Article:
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Why I’ll miss the puffins of Skomer island

Award-winning wildlife photographer Mike Cullis ARPS describes the lure of his favourite getaway – and its magical inhabitants

Above: ‘Puffin peering from its burrow', Skomer island

My wildlife travels have taken me to many different places around the world including Kenya, the Arctic, Costa Rica, Namibia and the Falkland Islands. But in my own area, Skomer island, just off the coast of Pembrokeshire, west Wales, has always been a special place for me, particularly because of the puffins. A boat trip goes out from a place called Martin’s Haven and it takes about 30 minutes to get to the island.

We’re moving away from Pembrokeshire to Hampshire. I’ve visited Skomer island on many occasions over the years, so this year is particularly special for me. It’s an even more magical experience to stay overnight on the island and share it with just a handful of people.

The best time to see puffins in large numbers is mid-June to mid-July as they fish for sand eels and return to feed their chicks. Puffins are amazing birds that have so much character and such gorgeous looks. They’re called the clowns of the sea because of the yellow and red colours of their bill, their clown-like faces and their unusual gait on land.

Skomer is also home to half the world's population of the Manx Shearwater – some 300,000 pairs. Chicks lying in their burrows are fed only at night by their incoming parents to avoid predation. Adults abandon them and the chicks leave late August to make their own 6,000 mile journey to Brazil and Argentina, where they live on the water in rafts. The following March they return to Skomer and find their way to within metres of the original burrow. 


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Above: ‘Puffin guarding his catch', Skomer island

The puffin in-flight photography is always the toughest. These little birds travelling at 50-60 miles an hour pose a huge challenge for the camera autofocus system to lock onto and to stay focused on. The gold standard image everyone looks for is the puffin with sand eels in its mouth. At one stage one came in and landed on me on its way to the burrow – it dropped some of the very smelly sand eels on my head. That was quite amusing for me and the people around me at the time.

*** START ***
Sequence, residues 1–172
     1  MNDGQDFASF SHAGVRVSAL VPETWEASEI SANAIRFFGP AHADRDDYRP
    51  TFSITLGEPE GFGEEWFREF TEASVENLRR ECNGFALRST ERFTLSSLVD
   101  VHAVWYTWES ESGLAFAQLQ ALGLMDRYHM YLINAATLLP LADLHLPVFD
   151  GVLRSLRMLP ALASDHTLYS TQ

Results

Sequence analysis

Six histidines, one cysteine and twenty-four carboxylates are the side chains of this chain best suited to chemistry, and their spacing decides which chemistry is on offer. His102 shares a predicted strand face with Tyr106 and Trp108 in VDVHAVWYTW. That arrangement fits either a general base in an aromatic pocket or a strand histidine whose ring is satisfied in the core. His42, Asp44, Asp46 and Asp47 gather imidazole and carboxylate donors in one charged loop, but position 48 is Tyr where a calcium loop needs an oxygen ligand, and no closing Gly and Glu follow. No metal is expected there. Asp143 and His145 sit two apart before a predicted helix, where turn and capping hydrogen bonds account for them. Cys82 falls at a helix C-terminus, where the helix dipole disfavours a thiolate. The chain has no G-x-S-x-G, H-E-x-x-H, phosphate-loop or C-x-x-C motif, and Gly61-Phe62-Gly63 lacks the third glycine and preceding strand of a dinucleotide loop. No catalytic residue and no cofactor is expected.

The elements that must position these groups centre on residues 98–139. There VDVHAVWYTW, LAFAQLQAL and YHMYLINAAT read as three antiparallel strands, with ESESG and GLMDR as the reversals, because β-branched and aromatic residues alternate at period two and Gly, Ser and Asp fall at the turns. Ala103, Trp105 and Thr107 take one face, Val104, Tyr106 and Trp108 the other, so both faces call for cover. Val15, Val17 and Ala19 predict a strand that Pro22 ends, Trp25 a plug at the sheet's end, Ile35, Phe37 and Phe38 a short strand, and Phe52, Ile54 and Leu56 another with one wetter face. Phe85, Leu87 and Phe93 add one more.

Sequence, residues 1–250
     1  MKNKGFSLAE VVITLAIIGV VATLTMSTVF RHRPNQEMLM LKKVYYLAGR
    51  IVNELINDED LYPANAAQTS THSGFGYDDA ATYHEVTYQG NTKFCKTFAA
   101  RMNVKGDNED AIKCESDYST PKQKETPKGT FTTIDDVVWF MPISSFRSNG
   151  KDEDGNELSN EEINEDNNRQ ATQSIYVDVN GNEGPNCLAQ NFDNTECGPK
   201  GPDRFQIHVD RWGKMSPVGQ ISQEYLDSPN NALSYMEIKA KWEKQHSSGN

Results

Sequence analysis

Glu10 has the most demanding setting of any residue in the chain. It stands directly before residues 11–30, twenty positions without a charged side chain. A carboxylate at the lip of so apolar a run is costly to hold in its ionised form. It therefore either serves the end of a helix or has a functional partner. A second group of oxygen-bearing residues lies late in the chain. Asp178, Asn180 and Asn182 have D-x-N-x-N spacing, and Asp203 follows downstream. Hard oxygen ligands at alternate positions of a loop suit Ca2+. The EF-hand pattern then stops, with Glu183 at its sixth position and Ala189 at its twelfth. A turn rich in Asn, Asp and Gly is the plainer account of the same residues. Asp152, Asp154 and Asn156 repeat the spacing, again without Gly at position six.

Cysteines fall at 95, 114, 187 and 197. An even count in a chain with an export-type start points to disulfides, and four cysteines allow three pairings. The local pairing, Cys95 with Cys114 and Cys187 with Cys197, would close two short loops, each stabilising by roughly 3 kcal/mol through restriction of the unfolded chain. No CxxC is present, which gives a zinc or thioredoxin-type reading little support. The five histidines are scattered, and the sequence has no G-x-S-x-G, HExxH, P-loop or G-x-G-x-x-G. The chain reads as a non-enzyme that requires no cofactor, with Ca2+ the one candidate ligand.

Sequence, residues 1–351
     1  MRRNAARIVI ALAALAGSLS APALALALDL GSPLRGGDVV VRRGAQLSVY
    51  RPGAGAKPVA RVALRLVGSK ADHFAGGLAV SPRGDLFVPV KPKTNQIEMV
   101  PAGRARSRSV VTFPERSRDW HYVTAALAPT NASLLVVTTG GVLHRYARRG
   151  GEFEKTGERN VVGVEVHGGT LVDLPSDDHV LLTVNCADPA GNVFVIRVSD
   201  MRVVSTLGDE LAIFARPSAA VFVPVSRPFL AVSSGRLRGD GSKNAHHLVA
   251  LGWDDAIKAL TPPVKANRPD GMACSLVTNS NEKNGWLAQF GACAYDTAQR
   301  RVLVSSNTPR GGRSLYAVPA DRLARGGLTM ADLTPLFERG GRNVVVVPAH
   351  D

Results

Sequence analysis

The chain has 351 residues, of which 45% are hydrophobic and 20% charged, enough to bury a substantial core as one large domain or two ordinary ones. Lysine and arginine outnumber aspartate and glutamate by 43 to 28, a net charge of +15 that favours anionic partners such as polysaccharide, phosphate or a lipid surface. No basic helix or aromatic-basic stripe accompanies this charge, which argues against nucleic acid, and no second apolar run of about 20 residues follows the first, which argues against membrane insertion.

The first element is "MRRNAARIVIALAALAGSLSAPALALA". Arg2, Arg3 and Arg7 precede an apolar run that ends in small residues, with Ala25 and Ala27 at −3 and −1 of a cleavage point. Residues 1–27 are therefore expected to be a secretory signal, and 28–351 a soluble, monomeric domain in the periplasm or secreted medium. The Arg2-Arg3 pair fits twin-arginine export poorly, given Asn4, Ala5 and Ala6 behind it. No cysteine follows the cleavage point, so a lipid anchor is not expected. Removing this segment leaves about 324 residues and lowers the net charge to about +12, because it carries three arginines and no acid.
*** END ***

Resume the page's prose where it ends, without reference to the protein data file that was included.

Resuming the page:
Of course, it’s about being responsible with the puffins. When they come in, they’ll land on the edge of the cliff. Further inland they have a labyrinth of burrows. You stay to the footpath and it’s a question of trying to establish the flight path – given the wind conditions and the time of day – and working out what the flight trajectory will be. That’s the most difficult part, for sure, then looking for something that’s different, trying to capture the emotion of the puffin and the relationship with its partner.

I’m looking forward to new horizons, new adventure in Hampshire, and the ability to travel to places that are fascinating to photograph.

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Above: ‘A proud puffin surveys the landscape', Skomer island

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Above: ‘Two puffins play', Skomer island

Skomer Warden's Acomodation

Above: ‘Skomer warden's accomodation', Skomer island

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Above: ‘Guillemot community on Stack Rock off the southern Pembrokeshire coast', Pembrokeshire

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Above: 'Adult black-blacked gull in moult', Pembrokeshire

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Above: 'Curlew in flight', Pembrokeshire

All images by Mike Cullis ARPS